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Arlen>You could argue their perception of our profession is the problem, but
Arlen>likely it's the fact that they can't connect bottom-line cost savings to
Arlen>good documentation. That's where the improvement has to be; not in some
Arlen>mighty union who will sweep down upon our employers and demand our
Arlen>(whatever they may be).
Donna>And I most heartily agree with this statement. I believe this is the
Donna>essential point. We have to keep educating those for whom we work. And
Donna> with whom we work.
Hearily agree with both. But there's another interesting angle that I'm trying
to find out more on. Most of the top decision making people at any company are
making many if not most of their decisions based on the financials, and
traditional cost accounting gives them a skewed picture. Peter Drucker has
written some interesting stuff on this. Cost accounting shows the cost of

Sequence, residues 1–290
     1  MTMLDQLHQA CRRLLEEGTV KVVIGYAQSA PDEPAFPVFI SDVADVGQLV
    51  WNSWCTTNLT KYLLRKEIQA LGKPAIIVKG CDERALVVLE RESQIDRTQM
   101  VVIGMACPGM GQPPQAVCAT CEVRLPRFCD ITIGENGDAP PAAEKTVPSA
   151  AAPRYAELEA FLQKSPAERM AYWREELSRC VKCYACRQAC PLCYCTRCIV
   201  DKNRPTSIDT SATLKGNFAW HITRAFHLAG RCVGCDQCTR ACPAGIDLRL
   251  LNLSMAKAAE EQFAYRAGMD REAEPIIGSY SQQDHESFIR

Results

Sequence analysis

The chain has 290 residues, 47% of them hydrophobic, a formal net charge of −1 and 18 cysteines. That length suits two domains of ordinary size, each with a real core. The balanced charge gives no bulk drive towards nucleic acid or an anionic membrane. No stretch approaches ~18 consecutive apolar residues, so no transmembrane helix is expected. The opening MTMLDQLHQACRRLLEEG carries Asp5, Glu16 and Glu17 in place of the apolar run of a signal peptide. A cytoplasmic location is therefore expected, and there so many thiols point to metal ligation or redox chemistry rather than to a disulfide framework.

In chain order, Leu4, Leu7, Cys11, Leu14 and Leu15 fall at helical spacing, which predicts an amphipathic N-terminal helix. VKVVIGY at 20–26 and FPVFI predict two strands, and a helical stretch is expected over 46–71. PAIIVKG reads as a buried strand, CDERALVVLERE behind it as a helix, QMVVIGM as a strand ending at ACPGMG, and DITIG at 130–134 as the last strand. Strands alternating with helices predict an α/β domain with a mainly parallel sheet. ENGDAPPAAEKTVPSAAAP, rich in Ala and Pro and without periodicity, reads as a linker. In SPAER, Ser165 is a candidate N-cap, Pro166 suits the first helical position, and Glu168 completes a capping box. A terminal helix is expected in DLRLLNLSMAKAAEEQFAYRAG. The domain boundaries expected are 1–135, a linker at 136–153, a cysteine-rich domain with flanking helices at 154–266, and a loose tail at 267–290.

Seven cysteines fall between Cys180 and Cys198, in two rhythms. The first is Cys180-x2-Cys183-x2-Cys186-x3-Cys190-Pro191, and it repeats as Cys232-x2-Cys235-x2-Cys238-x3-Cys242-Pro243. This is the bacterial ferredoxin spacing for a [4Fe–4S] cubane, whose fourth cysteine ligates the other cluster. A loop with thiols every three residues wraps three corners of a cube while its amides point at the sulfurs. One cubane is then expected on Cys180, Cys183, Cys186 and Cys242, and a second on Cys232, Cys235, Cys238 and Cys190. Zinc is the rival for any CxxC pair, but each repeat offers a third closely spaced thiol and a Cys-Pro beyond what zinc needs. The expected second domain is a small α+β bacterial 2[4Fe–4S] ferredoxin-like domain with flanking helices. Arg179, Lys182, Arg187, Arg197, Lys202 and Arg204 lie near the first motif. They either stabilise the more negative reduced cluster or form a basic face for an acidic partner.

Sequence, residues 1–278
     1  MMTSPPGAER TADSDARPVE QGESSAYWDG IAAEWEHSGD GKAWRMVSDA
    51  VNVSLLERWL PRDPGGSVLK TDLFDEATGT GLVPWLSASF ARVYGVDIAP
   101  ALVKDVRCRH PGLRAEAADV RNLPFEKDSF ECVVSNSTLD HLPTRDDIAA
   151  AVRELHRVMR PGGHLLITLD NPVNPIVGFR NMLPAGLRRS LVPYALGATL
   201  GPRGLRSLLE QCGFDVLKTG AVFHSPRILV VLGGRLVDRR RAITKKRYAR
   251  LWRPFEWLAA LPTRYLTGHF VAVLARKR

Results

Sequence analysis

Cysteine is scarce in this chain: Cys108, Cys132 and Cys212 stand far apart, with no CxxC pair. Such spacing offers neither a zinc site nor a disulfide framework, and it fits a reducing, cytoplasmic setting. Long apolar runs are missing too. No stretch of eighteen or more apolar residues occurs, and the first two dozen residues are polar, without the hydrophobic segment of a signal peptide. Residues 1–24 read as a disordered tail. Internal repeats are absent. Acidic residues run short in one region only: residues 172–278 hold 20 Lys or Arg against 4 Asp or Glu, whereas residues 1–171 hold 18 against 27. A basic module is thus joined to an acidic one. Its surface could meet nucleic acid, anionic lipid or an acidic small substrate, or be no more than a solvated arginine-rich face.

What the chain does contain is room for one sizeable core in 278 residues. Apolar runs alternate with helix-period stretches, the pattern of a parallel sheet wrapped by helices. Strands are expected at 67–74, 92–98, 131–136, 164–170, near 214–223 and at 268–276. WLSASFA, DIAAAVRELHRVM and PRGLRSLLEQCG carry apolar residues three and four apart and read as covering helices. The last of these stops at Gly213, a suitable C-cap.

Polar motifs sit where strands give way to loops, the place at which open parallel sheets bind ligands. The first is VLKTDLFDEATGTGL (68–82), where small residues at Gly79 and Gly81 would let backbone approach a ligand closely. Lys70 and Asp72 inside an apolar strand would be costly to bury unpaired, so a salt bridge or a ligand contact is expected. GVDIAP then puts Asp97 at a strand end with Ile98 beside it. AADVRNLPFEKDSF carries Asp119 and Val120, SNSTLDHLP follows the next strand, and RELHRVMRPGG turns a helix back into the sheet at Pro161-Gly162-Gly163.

vertical operating units in the company, not the costs of horizontal processes.
If the d-maker is focused on the cost of operating unit x (tech writing,
programming, auto mechanics) in isolation from the process, then the obvious
move is to take moves that minimize that cost.
In the old days, when the d-makers had come up through the ranks, worked all
over the place, and had an industry in their blood, the cost accounting model
could be put into perspective by their innate understanding of the business and
what it took to keep it healthy. In todays era of the technocrat, where many
organizations are run on the notion that you can stick any smart MBA into a
management slot, that balance is gone.
Newer accounting models are starting to focus on the process, and with those
sorts of models, showing where each group's contribution impacts the bottom
line will be easier to do. I'm trying to find out more about these now.
Director of Electronic Documentation
Logical Design Solutions
571 Central Avenue http://www.lds.com
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